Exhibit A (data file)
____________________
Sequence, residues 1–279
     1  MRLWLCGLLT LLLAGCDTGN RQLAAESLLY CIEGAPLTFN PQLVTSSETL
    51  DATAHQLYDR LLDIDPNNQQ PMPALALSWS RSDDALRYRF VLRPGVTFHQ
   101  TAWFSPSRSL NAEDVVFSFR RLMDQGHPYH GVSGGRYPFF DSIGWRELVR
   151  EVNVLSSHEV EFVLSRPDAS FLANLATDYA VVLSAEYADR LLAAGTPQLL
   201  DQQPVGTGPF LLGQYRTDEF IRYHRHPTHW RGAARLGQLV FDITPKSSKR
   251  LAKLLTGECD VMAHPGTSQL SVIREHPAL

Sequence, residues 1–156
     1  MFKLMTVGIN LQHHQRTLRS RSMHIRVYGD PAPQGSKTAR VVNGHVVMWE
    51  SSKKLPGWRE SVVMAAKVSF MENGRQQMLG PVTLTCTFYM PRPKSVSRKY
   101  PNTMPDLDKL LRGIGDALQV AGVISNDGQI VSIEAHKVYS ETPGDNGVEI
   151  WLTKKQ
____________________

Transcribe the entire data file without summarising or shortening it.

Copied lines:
Sequence, residues 1–279
     1  MRLWLCGLLT LLLAGCDTGN RQLAAESLLY CIEGAPLTFN PQLVTSSETL
    51  DATAHQLYDR LLDIDPNNQQ PMPALALSWS RSDDALRYRF VLRPGVTFHQ
   101  TAWFSPSRSL NAEDVVFSFR RLMDQGHPYH GVSGGRYPFF DSIGWRELVR
   151  EVNVLSSHEV EFVLSRPDAS FLANLATDYA VVLSAEYADR LLAAGTPQLL
   201  DQQPVGTGPF LLGQYRTDEF IRYHRHPTHW RGAARLGQLV FDITPKSSKR
   251  LAKLLTGECD VMAHPGTSQL SVIREHPAL

Sequence, residues 1–156
     1  MFKLMTVGIN LQHHQRTLRS RSMHIRVYGD PAPQGSKTAR VVNGHVVMWE
    51  SSKKLPGWRE SVVMAAKVSF MENGRQQMLG PVTLTCTFYM PRPKSVSRKY
   101  PNTMPDLDKL LRGIGDALQV AGVISNDGQI VSIEAHKVYS ETPGDNGVEI
   151  WLTKKQ